I think that intensity and volume are two elements that could be interrelated but are totally independent of each other. Volume is exactly what the word says, how loud it is. Intensity is an inner energy within or outside that volume. Very often, one needs a much greater intensity to play very softly than to play very loud. And unless one has mastered the art of playing fortissimo volume with low level of intensity and pianissimo dynamic with a high level of intensity, one has not really achieved control of this very important means of expression. It is like, when speaking, if I really want to threaten somebody with something very dreadful, I don’t shout it at him but I whisper it with great intensity. And if I whisper it with great intensity, I am speaking with much more intensity than if I am actually speaking louder.
On the importance of playing with courage.
Is it a psychological or a physical phenomenon?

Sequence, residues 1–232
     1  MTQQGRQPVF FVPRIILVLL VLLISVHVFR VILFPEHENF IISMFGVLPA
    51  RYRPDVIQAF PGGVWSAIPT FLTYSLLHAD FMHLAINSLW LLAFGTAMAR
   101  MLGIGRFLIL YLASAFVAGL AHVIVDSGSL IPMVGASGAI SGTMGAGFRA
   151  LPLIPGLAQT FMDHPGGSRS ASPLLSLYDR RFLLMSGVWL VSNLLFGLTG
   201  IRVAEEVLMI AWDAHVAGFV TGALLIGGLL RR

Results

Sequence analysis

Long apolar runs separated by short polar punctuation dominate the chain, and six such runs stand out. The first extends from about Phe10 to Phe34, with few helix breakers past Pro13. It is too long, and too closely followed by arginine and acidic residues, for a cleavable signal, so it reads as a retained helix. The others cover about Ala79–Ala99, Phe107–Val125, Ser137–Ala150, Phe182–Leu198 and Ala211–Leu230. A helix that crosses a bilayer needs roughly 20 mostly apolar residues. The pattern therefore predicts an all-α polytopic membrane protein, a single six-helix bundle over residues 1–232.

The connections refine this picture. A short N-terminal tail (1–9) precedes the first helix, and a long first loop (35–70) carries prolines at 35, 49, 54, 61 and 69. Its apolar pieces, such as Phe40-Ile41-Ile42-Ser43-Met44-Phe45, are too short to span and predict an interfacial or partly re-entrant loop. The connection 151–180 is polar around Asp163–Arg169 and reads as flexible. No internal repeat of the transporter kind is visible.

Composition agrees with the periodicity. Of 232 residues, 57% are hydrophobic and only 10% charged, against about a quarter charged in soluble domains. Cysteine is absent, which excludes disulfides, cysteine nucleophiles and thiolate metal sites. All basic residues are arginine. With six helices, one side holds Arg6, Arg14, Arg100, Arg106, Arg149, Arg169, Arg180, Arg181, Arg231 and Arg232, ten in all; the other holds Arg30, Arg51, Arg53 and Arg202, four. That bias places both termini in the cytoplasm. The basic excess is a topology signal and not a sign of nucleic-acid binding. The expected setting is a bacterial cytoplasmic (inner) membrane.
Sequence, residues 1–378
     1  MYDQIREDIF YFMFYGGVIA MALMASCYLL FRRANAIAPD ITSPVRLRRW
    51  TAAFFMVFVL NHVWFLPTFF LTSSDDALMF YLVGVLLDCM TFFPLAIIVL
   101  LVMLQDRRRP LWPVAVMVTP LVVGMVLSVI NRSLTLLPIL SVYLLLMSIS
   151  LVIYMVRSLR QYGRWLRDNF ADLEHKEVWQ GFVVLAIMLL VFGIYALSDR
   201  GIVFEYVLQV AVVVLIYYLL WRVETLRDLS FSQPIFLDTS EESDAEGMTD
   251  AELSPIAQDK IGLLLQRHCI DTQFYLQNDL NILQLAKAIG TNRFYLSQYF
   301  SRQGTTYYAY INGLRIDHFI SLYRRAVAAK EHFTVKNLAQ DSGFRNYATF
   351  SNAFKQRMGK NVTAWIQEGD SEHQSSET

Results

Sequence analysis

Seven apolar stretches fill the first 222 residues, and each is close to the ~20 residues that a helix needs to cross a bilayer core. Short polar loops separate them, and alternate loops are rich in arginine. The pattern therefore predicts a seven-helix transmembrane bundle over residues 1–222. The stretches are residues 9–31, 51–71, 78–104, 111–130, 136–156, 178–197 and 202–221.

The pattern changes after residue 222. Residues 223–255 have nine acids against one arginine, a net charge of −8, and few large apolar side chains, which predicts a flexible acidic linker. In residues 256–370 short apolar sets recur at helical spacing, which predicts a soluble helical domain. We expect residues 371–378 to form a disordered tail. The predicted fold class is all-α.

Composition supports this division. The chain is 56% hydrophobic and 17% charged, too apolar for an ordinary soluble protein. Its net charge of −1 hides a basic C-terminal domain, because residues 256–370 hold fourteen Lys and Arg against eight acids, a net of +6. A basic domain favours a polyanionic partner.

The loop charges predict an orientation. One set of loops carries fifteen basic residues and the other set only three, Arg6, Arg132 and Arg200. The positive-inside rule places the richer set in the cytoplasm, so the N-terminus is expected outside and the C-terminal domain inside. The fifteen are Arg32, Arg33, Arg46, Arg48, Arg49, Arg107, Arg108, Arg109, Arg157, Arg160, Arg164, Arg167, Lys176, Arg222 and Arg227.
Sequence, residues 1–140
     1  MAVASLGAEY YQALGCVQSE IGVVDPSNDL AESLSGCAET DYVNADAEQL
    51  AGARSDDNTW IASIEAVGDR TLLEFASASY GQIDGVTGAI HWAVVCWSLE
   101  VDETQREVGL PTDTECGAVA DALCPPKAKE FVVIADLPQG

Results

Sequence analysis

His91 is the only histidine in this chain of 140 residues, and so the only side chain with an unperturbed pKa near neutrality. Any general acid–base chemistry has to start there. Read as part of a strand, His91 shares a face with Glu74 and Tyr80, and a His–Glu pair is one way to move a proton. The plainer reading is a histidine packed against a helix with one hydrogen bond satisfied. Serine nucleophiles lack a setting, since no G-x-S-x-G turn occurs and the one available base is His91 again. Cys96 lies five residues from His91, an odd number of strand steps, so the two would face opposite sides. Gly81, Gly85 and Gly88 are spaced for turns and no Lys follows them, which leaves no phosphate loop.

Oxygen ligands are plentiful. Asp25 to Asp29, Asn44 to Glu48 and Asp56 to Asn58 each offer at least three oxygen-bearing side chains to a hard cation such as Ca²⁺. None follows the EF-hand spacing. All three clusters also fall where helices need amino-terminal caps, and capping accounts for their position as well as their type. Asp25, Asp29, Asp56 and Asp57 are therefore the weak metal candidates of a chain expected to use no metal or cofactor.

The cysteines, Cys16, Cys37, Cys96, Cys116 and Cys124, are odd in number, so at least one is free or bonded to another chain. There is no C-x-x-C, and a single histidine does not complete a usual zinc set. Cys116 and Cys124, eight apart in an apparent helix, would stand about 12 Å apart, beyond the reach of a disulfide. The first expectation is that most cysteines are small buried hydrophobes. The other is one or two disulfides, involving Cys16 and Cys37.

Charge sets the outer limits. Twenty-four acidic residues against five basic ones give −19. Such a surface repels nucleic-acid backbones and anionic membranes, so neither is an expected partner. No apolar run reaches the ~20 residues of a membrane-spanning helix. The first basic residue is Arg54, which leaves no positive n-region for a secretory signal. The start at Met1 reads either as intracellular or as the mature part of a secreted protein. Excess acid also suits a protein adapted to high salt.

The two things are inseparable. It is related to the principle of oneness of music and the principle of oneness in life. In some cases, it is a psychological inhibition; in other cases, it is physical. I think it is a combination of both.
There are many examples: The first one that comes to mind, as a piano player, is when there are big jumps in the piano. The easy way out is, instead of jumping from one extreme of the keyboard to the other, to divide between the two hands, and play the low note with one hand and the high note with the other. What happens then? It is practically impossible or it requires an extraordinary amount of concentration and something totally artificial to make up for the lack of effort because the effort of the distance between the notes is an integral part of the expression. This is one example, one very simple physical example.
A slightly more complex example is when there is a crescendo in the music and then there is a subito piano. It is much easier to make the crescendo to a certain point and then just before the subito piano to either make a break in the sound or stop the crescendo at the very end so the transition is, as it were, smoother. The element of courage is to carry something to the very end without really taking into account the consequences and then, when absolutely necessary, like walking to a precipice, only then really stopping it. These are two examples.
On Maestro Celibidache’s statement that “nothing is worth a damn unless the orchestra musicians feel it for themselves and can play it directly.”